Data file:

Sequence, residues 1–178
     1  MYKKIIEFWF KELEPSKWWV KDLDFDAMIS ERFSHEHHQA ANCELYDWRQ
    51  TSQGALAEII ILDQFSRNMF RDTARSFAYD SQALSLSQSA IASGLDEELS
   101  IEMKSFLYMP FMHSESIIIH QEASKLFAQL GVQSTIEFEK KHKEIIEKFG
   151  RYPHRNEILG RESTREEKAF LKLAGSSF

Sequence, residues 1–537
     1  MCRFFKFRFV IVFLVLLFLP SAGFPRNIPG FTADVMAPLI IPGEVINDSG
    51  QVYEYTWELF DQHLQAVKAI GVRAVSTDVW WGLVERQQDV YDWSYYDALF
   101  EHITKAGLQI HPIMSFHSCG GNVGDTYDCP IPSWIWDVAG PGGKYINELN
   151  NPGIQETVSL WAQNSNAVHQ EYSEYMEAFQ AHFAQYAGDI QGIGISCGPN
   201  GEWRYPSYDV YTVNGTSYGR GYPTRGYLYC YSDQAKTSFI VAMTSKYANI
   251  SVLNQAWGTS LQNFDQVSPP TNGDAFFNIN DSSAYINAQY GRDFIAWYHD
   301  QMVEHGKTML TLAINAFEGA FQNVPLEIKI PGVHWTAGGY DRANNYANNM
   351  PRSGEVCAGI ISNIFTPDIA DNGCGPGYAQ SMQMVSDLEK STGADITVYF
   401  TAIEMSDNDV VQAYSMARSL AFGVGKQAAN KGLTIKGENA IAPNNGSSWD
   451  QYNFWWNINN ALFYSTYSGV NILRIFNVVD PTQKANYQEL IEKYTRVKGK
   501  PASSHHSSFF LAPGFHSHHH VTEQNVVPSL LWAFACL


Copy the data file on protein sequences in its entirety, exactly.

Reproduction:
Sequence, residues 1–178
     1  MYKKIIEFWF KELEPSKWWV KDLDFDAMIS ERFSHEHHQA ANCELYDWRQ
    51  TSQGALAEII ILDQFSRNMF RDTARSFAYD SQALSLSQSA IASGLDEELS
   101  IEMKSFLYMP FMHSESIIIH QEASKLFAQL GVQSTIEFEK KHKEIIEKFG
   151  RYPHRNEILG RESTREEKAF LKLAGSSF

Sequence, residues 1–537
     1  MCRFFKFRFV IVFLVLLFLP SAGFPRNIPG FTADVMAPLI IPGEVINDSG
    51  QVYEYTWELF DQHLQAVKAI GVRAVSTDVW WGLVERQQDV YDWSYYDALF
   101  EHITKAGLQI HPIMSFHSCG GNVGDTYDCP IPSWIWDVAG PGGKYINELN
   151  NPGIQETVSL WAQNSNAVHQ EYSEYMEAFQ AHFAQYAGDI QGIGISCGPN
   201  GEWRYPSYDV YTVNGTSYGR GYPTRGYLYC YSDQAKTSFI VAMTSKYANI
   251  SVLNQAWGTS LQNFDQVSPP TNGDAFFNIN DSSAYINAQY GRDFIAWYHD
   301  QMVEHGKTML TLAINAFEGA FQNVPLEIKI PGVHWTAGGY DRANNYANNM
   351  PRSGEVCAGI ISNIFTPDIA DNGCGPGYAQ SMQMVSDLEK STGADITVYF
   401  TAIEMSDNDV VQAYSMARSL AFGVGKQAAN KGLTIKGENA IAPNNGSSWD
   451  QYNFWWNINN ALFYSTYSGV NILRIFNVVD PTQKANYQEL IEKYTRVKGK
   501  PASSHHSSFF LAPGFHSHHH VTEQNVVPSL LWAFACL